A project on expanding utilization and reducing postharvest losses in RTB crops is starting this month in Uganda. Supported by the European Union and the International Fund for Agricultural Development (IFAD), it will rely on a network of global and local partners.
“It’s worth emphasizing the pioneering role of this project for implementing the CGIAR Research Program on Roots, Tubers and Bananas in Uganda,” said RTB Director Graham Thiele, adding that the East African country is especially well suited for the project: “Uganda has all the RTB crops – banana, cassava, sweetpotato, potato and even yam – and all the CGIAR centers participating in RTB have a presence in Uganda. It is the ideal country to develop and test these innovations, which can later be adapted and applied to other East African countries.”
While the International Potato Center (CIP) is coordinating the project as the RTB lead center, the three other CGIAR partner centers – Bioversity International, the International Center for Tropical Agriculture (CIAT) and the International Institute of Tropical Agriculture (IITA) – will be equal implementing partners and have already contributed to the design of the project, whereas the French Agricultural Research Centre for International Development CIRAD, which more recently joined RTB as full partner, has significant research capabilities in the post-harvest area.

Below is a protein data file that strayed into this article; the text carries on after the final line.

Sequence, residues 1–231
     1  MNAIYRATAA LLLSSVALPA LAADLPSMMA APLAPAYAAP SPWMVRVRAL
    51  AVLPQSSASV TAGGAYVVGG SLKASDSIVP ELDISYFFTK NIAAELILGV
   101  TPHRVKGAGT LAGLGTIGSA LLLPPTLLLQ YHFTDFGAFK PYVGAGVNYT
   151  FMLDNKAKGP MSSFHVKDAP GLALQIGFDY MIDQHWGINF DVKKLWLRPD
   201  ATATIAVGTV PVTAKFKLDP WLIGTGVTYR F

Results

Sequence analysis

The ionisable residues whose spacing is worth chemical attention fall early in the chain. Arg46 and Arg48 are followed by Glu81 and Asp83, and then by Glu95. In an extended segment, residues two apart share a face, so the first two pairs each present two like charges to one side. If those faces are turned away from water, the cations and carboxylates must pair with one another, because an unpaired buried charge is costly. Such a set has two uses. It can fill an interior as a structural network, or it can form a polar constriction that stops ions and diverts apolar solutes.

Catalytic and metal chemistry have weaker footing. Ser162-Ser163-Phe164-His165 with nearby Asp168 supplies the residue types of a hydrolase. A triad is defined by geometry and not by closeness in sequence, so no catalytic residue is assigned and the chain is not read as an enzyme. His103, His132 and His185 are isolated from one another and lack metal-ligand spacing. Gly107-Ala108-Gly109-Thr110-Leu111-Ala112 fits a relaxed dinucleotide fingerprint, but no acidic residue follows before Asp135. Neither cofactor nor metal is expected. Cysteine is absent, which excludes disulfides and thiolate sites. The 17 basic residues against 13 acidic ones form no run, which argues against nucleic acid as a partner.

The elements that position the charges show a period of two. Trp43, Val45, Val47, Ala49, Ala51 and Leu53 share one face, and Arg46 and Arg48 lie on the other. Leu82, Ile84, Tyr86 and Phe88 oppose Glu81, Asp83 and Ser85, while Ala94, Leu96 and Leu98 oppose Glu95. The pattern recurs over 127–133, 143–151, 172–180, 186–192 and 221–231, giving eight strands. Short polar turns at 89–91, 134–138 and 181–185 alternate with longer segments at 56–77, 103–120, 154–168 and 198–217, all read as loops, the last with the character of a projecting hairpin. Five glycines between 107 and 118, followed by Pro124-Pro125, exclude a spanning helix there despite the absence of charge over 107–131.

The project was originally defined in a planning meeting held in Kampala in 2012. Last year, a workshop called “Making the RTB program work in Uganda” generated more ideas for collaboration. Now is the opportunity to follow up through new research on some of the recommendations made then by RTB partners and other stakeholders.
Sarah Mayanja, an agricultural market specialist at CIP, has been appointed Research Associate for the project. A native of Uganda, she has a wealth of experience in improving value chains in the region using the Participatory Market Chain Approach (PMCA) and strengthening that approach through a focus on gender.
“Sarah’s role will be instrumental for helping to make these research partnerships work, and we are fortunate to be able to build on her strong recognition in the RTB research community in Uganda,” observed Thiele.
Mayanja, who received a fellowship from the African Women in Agriculture Research and Development (AWARD) several years ago, has been working with CIP on different projects promoting vitamin-A-rich orange-fleshed sweetpotato (OFSP).
“Sarah has done an excellent job on the DONATA and Agricultural Innovations Systems (AIS) sweetpotato innovation platform work and I am sure the experience gained will serve her well as she expands to other RTB crops”, commented Jan Low, and leader of the Sweetpotato for Profit and Health Initiative (SPHI) program in Africa.